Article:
The just-released iPhone 7 from Apple is a substantial upgrade on the iPhone 6 range from last year – it’s water-resistant, the photos are great, and the battery lasts and lasts and lasts…

The thing you’ll notice most immediately, though, is the home button. Aside from being circular, it’s now a piece of solid aluminium that includes what Apple calls a linear vibration unit to give you a click when you press it down.

1.Long battery life

Rivals are competing with real eye scanning that unlocks the phone at a glance and other frivolities, though the battery life enhancement of the iPhone 7 is far more practical. A 1960 mAh improved battery, an Apple A10 Fusion processor not much on energy, and a faster graphics processor.

On Tom’s Guide’s downloaded-video continuous web surfing test, it lasted 9 hours and 3 minutes when connected to ATT’s 4G LTE network. That’s pretty much the best around, bettering last year’s iPhone 6s (1715 mAh) by nearly three hours.

Four of the A10 Fusion’s processing cores are paired in two clusters of two: high-performance cores for more strenuous computing demands, such as 3D gaming and RAW image processing, and low-power cores for basic operations, ultimately to save power and extend battery life. (The phone also has an adaptive battery mode to further conserve power.)

2.Better camera

Since last year’s iPhone 6S, Apple has quietly been creeping up on the gap in photo quality between the iPhone and dedicated compact cameras. This year’s iPhone 7 camera – a new, larger 12-megapixel sensor with a wider f/1.8 aperture (letting in a full 50 per cent more light than the previous iPhone 6S version) – is that little bit better again; photos from it are a little less noisy and smoother, with a bit more detail and a boost in colour saturation, especially in low-light.

It also adds optical image stabilisation previously limited to the larger Plus model, counteracting small gestures and subtle shakes of the hand. That should help to rectify the iPhone’s greatest failing: poor photography in low light.

It is a strong upgrade on last year’s iPhone, which in turn was a major step forward from the phone you’re probably upgrading from, which is two or three years old. Its water resistance is nice, so is its faster processor and larger storage. But the removal of the headphone jack is stupid and retrograde.

3.Touch ID

It’s also the better choice for people who have a need to unlock their phone quickly in the event of an emergency (ex: a parent passes away without knowing the passcode, a toddler tries to play a game). My son still missed the home button and fingerprint sensor (although at least one friend who has an iPhone X agrees that Face ID and new gestures still feel clunky).

It works by sending a tiny pulse of current through your finger to map its ‘certainly not just a dry piece of wood’ pattern – the ridges and valleys of your skin – as you press the home button, and stores it in Apple’s SoC (system on a chip), the Secure Enclave processor. Such a system returns the done-ness index as 1 only after evolving a certain number of generations of identified individuals. A false positive (this is Sarah) on a tiny home-button finger print map return occurs only every 50,000 times the system is used. The system can mimic and recognise multiple fingerprints.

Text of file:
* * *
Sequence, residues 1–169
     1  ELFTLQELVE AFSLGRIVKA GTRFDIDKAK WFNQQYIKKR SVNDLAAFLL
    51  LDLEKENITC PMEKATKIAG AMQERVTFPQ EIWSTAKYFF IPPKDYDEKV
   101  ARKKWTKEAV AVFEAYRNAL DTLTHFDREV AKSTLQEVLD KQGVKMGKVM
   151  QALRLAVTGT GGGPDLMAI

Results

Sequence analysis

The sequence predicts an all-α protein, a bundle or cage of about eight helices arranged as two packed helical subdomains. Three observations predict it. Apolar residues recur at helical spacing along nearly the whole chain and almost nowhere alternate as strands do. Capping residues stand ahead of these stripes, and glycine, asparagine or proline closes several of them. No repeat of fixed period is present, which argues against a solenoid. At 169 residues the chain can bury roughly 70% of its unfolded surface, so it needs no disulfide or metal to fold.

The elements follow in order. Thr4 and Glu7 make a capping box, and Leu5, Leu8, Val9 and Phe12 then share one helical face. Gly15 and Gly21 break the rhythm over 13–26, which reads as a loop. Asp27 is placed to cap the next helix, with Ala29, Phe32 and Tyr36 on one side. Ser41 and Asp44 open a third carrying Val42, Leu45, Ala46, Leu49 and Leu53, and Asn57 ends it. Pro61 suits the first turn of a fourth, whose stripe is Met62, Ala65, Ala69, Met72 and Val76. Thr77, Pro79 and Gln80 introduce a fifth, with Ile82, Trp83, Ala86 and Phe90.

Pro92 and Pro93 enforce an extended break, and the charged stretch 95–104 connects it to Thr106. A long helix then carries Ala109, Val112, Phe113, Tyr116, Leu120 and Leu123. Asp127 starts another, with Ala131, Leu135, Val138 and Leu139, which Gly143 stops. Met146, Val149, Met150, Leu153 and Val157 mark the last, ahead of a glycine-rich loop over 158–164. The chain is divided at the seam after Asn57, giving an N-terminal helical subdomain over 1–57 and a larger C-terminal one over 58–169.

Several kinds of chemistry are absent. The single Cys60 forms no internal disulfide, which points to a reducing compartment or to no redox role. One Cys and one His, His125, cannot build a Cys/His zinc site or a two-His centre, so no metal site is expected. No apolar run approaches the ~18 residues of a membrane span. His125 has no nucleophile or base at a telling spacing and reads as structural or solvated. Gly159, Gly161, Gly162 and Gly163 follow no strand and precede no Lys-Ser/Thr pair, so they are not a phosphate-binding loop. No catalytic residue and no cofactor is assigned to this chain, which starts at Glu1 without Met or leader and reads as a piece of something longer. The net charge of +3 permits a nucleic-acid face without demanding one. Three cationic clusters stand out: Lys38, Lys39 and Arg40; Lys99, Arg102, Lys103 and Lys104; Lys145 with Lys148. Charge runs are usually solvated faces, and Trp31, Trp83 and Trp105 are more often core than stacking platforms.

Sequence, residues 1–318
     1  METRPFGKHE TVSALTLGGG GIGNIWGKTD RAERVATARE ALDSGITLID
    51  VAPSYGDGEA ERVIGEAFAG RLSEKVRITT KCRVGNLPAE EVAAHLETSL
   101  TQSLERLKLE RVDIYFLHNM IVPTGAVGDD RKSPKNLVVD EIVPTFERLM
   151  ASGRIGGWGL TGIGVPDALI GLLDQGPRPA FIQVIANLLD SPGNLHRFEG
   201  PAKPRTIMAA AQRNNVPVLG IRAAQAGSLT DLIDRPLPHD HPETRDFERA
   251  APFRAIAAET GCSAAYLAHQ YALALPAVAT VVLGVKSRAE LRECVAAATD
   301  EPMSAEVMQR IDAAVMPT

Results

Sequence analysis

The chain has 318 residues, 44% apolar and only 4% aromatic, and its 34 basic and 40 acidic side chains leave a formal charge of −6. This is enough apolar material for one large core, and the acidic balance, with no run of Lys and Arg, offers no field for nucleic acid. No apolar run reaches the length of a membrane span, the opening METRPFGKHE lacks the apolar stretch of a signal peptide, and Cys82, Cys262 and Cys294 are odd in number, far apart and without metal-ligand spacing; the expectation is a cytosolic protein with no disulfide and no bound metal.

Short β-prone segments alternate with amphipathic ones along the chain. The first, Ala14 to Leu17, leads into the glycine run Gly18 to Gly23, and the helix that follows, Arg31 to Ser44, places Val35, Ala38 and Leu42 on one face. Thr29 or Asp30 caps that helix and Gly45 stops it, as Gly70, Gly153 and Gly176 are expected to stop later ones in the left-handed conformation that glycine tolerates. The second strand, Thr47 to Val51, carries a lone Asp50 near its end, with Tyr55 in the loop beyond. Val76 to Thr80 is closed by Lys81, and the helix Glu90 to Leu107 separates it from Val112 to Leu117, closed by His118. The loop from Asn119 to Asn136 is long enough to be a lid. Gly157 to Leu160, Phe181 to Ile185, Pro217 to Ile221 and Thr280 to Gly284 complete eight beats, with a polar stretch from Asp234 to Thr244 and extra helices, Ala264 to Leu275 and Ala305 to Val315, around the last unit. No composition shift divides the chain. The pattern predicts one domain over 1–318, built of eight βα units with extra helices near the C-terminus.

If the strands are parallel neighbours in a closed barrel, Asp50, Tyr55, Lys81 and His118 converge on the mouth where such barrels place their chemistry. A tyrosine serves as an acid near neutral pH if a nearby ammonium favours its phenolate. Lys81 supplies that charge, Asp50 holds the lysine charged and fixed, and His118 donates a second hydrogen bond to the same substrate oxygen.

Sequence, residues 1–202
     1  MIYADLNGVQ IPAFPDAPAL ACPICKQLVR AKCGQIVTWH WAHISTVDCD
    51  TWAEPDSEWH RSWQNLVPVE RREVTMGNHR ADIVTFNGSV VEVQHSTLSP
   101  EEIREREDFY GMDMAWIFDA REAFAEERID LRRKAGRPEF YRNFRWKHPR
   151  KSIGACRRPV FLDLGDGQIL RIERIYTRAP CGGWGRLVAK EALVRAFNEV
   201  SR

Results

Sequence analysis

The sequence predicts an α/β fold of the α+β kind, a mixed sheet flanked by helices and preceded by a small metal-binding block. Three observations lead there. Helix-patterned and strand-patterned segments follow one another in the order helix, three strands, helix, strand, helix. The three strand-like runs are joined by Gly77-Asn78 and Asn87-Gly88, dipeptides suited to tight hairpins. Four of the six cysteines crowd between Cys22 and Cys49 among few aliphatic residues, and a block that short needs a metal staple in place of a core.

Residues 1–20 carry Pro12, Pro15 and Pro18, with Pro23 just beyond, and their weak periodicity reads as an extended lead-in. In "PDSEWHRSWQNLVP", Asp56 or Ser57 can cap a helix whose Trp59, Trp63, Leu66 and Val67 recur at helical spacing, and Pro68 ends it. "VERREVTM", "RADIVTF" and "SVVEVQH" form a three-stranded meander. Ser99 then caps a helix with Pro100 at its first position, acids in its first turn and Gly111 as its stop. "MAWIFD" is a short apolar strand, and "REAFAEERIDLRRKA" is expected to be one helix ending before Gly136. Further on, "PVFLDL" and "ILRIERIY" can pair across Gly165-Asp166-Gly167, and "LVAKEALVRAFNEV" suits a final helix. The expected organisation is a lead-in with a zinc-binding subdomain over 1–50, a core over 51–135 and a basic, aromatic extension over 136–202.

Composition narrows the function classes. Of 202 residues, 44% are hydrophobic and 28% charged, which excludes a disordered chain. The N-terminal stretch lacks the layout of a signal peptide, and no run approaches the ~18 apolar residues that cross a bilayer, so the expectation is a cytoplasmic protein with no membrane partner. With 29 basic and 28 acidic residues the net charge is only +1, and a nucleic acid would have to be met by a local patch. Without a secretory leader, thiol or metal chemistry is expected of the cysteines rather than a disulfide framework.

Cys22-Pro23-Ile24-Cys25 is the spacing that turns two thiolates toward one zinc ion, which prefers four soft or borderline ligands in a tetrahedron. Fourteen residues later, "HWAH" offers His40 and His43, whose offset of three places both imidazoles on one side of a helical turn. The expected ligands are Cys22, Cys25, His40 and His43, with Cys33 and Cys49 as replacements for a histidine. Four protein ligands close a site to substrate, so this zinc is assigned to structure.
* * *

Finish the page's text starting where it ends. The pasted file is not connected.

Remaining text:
Since then, Apple has released plenty more iPhone devices, such as the iPhone X with a notched display and Face ID, but the iPhone 7 still performs at a top level with an excellent OS.

4.More storage

Like its predecessor, the 6S, Apple’s new flagship  — the iPhone 7 — is a surreal, curved-sided rectangle of metal and glass, a device you have to touch to tell from a distance exactly which iteration of iPhone it is. In fact, separating the iPhone 7 from its predecessor is tricky when all you have to go on are the words of Apple marketing: ‘if it ain’t broke, don’t fix it.’ Yes, it’s a superlative phone, with a long-lasting battery, two impressive speakers, giving it a truly immersive sound, and the brightest, most vibrant iPhone display yet.

But at long last, Apple has doubled the default capacity to 32GB, an acknowledgement that OS updates can easily devour the entirety of the old basic 16GB option. 128GB, though, is growing into a mainstream high-water mark in terms of capacity.

If you don’t shoot lots of video or photos, and definitely don’t download many software or media apps via iTunes, then you should be fine with the lowest-end models. But I urge you to upgrade your model if you use Apple’s iCloud Photo Library or other cloud-based services to manage your media.

5.Water resistance

The iPhone 7 is the first Apple phone that’s rated against splashing and soaking, and it might just survive a shallow drop in the toilet – though not a deep one, which would probably be a toast outcome.

The iPhone 7 is iP67 rated, which means it is protected against brief exposure to water, making it safe to immerse in around three feet of water for 30 minutes. In contrast, far too many budget-priced phones suffer from water damage.

Such protection is not bullet-proof. (Nor is the iPhone 7 itself, as spill-proof as it may be, and capable of surviving accidental drop into the tub, the shower, the pool, the sink, the toilet, etc.) A waterproof case, therefore, is highly advisable for an investment of $650 in electronics gear. Even a few drops, or other abuse, can open tiny cracks through which water can trickle in, eventually corroding, or short-circuiting, and bubbling the phone out of commission (but see below for the limits of that argument). Apple even specifically warns that a wet iPhone may trigger a Liquid Contact Indicator, meaning it would no longer be warranty-covered.